Persons in the Material World
Baker (Lynne Rudder)
Source: Baker (Lynne) - Persons and Bodies, Chapter 1
Paper - Abstract

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Oxford Scholarship Online Abstract1

  1. Persons and Bodies develops and defends an account of persons and of the relation between human persons and their bodies. According to the Constitution View2 of human persons, as I call it, a human person is a person in virtue of having a first-person perspective3, and is a human person in virtue of being constituted by a human body (or human animal)4.
  2. Thus, the Constitution View5 aims to give our animal natures their due, while recognizing what makes human persons ontologically distinctive. The Constitution View6 contrasts with two other leading accounts of human persons: Animalism7 and Immaterialism. Like Animalism8 but unlike Immaterialism, the Constitution View9 holds that human persons are material beings; like Immaterialism but unlike Animalism10, the Constitution View11 holds that we are not identical to the animals that constitute us. Of course, this involves self-reference, but it is self-reference of a distinctive kind.
  3. On the one hand, human persons are constituted by human animals12, and hence cannot escape their animal natures; on the other hand, there is more to human persons than their animal natures. What sets human persons apart from other animals has nothing to do with anything immaterial; rather what sets us apart is the ability that underlies our asking, “What am I13?” That ability is a first-person perspective14. First-person perspectives15 may well be the result of natural selection; but what is relevant here is not where they came from, but what they are and the difference that they make in what there is.
  4. So, there are two theoretical ideas needed for the Constitution View16 of human persons: the idea of a first-person perspective17, the property in virtue of which a being (human or not) is a person, and the idea of constitution, the relation between a human person and her body.
  5. Parts:-
    1. “The Metaphysical Background” (Chapters 1-3), explores and defends the two theoretical ideas.
    2. “The Constitution View18 Explained” (Chapters 4-6), uses these two ideas to give an account of human persons.
    3. “The Constitution View19 Defended” (Chapters 7-9), argues for the coherence of the general idea of constitution-without-identity and the coherence of the application of that idea to the notion of human persons; finally, it argues directly for the Constitution View20 by contrasting it with its competitors, Animalism21 and Immaterialism.
  6. Chapter 1 sets out the task. Persons and Bodies will answer three questions:
    1. What am I22 most fundamentally?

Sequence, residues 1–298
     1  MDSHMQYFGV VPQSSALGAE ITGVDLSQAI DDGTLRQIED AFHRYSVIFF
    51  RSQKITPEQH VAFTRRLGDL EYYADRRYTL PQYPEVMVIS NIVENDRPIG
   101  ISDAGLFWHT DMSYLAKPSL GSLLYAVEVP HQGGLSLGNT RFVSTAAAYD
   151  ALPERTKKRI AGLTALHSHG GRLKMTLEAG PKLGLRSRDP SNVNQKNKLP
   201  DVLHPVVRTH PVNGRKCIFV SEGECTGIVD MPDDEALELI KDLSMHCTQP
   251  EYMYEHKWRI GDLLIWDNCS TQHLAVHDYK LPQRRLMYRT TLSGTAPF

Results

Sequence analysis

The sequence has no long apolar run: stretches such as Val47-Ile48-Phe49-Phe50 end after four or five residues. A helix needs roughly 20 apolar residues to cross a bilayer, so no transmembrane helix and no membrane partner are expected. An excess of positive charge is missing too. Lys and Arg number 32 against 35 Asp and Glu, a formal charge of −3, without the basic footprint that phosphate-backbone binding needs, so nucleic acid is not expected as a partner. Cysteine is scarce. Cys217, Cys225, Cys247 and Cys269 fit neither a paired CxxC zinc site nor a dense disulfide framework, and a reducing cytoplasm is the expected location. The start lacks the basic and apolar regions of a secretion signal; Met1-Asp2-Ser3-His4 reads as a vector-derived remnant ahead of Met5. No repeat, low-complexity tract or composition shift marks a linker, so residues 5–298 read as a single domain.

2. What is a person?
    3. How are human persons related to their bodies?

  1. Three Questions
  2. Beyond Biology
  3. An Overview
  4. A Philosophical Stance

Write-up23 (as at 17/04/2018 21:04:19): Baker - Persons in the Material World

This note controls my detailed review of "Baker (Lynne Rudder) - Persons in the Material World", Chapter 1 of "Baker (Lynne Rudder) - Persons and Bodies: A Constitution View". The main text is my interpretation of what Baker says, with my specific comments and objections appearing as footnotes.

Oxford Scholarship Online Note:
  • Chapter 1 sets out the task. Persons and Bodies will answer three questions:
    1. What I am24 most fundamentally?
    2. What is a person?
    3. How are human persons related to their bodies?
  • Section Headings:-
    1. Three Questions
    2. Beyond Biology
    3. An Overview
    4. A Philosophical Stance

0. Introduction
  1. Descartes – we are thinking things. Of what kind? Immaterialism has lost ground. Neo-Cartesian materialists take the thinking thing to be the brain.
  2. Baker’s view is that the thinking thing with the inner life is neither the material brain nor an immaterial mind, but the person. She claims that my brain is the organ with which I think. Yet I – a person embedded in the material world – and not it – am the thinker.
  3. So, where traditional Cartesians see a mind/body problem and neo-Cartesians see a mental-state/brain-state problem, Baker sees a person/body problem.
  4. So, the problem addressed by the book is “what is a human person25, and what is the relation between a person and her body”.
  5. A person is constituted by a human body, but constitution is not identity.
  6. The aim of the Constitution View is twofold:-
    1. To show what distinguishes persons from all other beings (the First Person Perspective26 – hereafter FPP)27, and
    2. To show how we can be fully material beings without being identical to our bodies (Constitution28).
  7. Persons have a capacity29 for a FPP30. Human persons are, in addition to this, constituted by “a body31 that is an organism of a certain kind – a human animal”.
  8. Mindedness is not the dividing line between persons and non-persons. Many mammals32 have conscious mental states, beliefs and desires.
  9. Baker briefly summarises the FPP33 as “(the ability to) conceive34 of one’s body and mental states as one’s own”.
  10. We are not “just35 animals” – we are persons.

1. Three Questions

1.1 What I am36 most fundamentally?
  1. An ontological question, answers to which have implications for the conditions under which I exist and persist. Baker considers 4 possibilities – 2 major and 2 minor.
    1. Immaterialism: an immaterial mind – an independent substance contingently associated with my body. Descartes. Modern supporters include
    2. Animalism: a materialistic account in line with Aristotle. I am most fundamentally37 a human animal. Baker credits Snowdon with inventing the term. Supporters cited by Baker are